Unless otherwise limited by order of the court in accordance with these rules, the methods and scope of discovery are as follows:
The court may act upon its own initiative after reasonable notice or piirsuant to a motion under Rule.
A party may obtain without the required showing a statement concerning the action or its subject matter previously made by that party. Upon request, a party or other person may obtain without the required showing a statement concerning the action or its subject matter previously made by that person who is not a party. If the request is refused, the person may move for a court order. The provisions of Ruleapply to the award of expenses incurred in relation to the motion. For purposes of this paragraph, a statement previously made is (1) a written statement signed or otherwise adopted or approved by the person making it, or (2) a stenographic, mechanical, electrical, or other recording, or a transcription thereof, that is a substantially verbatim recital of an oral statement by the person making it and contemporaneously recorded.
Minn. R. Civ. P. 26.02
Amended effective July 1, 2013; amended effective July 1, 2018.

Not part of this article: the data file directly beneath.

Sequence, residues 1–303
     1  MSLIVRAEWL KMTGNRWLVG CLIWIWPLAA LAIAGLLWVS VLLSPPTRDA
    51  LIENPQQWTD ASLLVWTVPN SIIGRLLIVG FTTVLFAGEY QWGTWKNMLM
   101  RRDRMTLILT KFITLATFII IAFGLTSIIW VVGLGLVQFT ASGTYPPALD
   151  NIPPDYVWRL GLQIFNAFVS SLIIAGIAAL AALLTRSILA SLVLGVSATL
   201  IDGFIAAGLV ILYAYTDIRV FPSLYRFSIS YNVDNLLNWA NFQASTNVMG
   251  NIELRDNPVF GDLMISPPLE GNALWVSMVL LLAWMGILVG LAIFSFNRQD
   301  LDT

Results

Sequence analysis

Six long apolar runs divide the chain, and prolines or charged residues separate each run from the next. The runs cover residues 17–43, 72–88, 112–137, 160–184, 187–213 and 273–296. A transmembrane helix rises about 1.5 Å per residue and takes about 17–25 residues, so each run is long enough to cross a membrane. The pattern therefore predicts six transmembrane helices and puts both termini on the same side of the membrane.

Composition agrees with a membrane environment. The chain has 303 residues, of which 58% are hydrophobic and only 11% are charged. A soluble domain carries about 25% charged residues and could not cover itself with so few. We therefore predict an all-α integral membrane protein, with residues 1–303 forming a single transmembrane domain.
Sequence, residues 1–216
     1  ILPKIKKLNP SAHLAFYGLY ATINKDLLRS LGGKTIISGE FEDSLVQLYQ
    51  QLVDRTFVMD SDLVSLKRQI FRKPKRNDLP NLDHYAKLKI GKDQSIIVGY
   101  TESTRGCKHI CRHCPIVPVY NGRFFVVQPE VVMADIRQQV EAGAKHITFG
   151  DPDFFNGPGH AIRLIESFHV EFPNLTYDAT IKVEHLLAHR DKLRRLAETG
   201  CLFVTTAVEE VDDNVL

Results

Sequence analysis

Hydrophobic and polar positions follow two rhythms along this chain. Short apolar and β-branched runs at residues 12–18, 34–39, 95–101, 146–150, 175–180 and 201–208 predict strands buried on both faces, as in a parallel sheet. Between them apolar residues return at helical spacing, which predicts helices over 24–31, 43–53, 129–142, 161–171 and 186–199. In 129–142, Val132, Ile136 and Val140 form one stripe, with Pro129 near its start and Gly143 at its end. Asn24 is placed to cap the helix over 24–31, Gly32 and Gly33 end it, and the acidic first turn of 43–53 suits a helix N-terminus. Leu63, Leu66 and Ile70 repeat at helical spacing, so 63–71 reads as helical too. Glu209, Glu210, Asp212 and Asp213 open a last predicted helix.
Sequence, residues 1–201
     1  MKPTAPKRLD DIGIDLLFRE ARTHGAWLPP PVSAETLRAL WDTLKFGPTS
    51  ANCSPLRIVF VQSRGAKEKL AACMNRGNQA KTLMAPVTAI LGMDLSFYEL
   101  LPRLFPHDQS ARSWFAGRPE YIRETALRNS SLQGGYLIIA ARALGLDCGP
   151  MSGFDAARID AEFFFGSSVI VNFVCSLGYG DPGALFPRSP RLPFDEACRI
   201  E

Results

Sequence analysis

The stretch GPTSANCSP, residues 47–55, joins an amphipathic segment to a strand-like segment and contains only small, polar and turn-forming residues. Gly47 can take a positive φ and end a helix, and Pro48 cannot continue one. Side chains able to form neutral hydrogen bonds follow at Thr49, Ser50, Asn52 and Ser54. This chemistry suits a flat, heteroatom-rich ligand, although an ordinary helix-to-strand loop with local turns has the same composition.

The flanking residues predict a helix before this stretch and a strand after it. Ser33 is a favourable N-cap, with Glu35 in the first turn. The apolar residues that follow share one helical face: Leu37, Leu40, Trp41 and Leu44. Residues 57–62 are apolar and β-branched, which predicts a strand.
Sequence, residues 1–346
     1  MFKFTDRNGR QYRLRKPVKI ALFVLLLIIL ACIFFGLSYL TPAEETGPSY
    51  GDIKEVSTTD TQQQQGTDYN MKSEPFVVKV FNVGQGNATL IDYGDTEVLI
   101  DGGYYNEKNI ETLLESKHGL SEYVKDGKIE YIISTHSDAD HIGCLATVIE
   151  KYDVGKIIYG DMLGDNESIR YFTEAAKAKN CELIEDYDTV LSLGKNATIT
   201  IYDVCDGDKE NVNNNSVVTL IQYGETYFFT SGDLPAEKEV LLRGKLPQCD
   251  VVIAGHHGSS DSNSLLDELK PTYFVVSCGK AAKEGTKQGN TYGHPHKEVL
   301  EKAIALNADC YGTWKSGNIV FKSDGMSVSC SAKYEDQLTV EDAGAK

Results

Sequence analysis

Advisory Committee Comment-2006 AmendmentThe amendment to Rule 26.02 is simple but potentially quite important. The rule is amended to conform to Fed. R. Civ. P. 26(b) as amended in 2000. Although the proposed changes were expected to create as many problems as they solved, see, e.g., John S. Beckerman, Confronting Civil Discovery's Fatal Flaws, 84 Minn. L. Rev. 505, 537-43 (2000); Jeffrey W. Stempel & David F. Herr, Applying Amended Rule 26(b)(1) in Litigation: The New Scope of Discovery, in 199 F.R.D. 396 (2001), the change in the scope of discovery, to limit it to the actual claims and defenses raised in the pleadings, has worked well in federal court, and most feared problems have not materialized. See generally Thomas D. Rowe, Jr., A Square Peg in a Round Hole? The 2000 Limitation on the Scope of Federal Civil Discovery, 69 Tenn. L. Rev. 13, 25-27 (2001); Note, The Sound and the Fury or the Sound of Silence?: Evaluating the Pre-Amendment Predictions and Post-Amendment Effects of the Discovery Scope-Narrowing Language in the 2000 Amendments to Federal Rule of Civil Procedure 26(b)(1), 37 Ga. L. Rev. 1039 (2003). Courts have simply not found the change dramatic nor given it a draconian interpretation. See, e.g., Sanyo Laser Prod., Inc. v. Arista Records, Inc., 214 F.R.D. 496 (S.D. Ind. 2003 ).The narrowing of the scope of discovery as a matter of right does not vitiate in any way the traditional rule that discovery should be liberally allowed. It should be limited to the claims and defenses raised by the pleadings, but the requests should still be liberally construed. See, e.g., Graham v. Casey's General Stores, 206 F.R.D. 251, 253 (S.D. Ind. 2002 ) ("Even after the recent amendments to Federal Rule of Civil Procedure 26, courts employ a liberal discovery standard.").Advisory Committee Comment-2007 AmendmentRule 26.02(b)(2) is a new provision that establishes a two-tier standard for discovery of electronically stored information. The rule makes information that is not "reasonably accessible because of undue burden or cost" not normally discoverable. This rule is identical to its federal counterpart, adopted in 2006. The rule requires that it be identified in response to an appropriate request, but if it is identified as "not reasonably accessible," it need not be produced in the absence of further order. It is not strictly exempt from discovery, as the court may, upon motion that "shows good cause," order disclosure of the information. The rule explicitly authorizes the court to impose conditions on any order for disclosure of this information, and conditions that either ease the undue burden or minimize the total cost or cost borne by the producing party would be appropriate.Rule 26.02(f)(2) is a new provision that creates a uniform procedure for dealing with assertions of privilege that are made following production of information in discovery. The rule creates a mandatory obligation to return, sequester, or destroy information that is produced in discovery if the producing party asserts that it is subject to a privilege or work-product protection. The information cannot be used for any purpose until the privilege claim is resolved. The rule provides a mechanism for the receiving party to have the validity of the privilege claim resolved by the court. The rule does not create any presumption or have any impact on the validity of the claim of privilege, nor does it excuse the inadvertent or regretted production. If the court determines that that production waived an otherwise valid privilege, then the information should be ordered for production or release from sequestration of the information. Advisory Committee Comment-2018 Amendments Rule 26.02 is emended to adopt the changes made to Fed. R. Civ. P. 26(b) in 2015. The amendments are intended to improve the operation of the rule and to avoid some of the problems that were encountered under the former rule.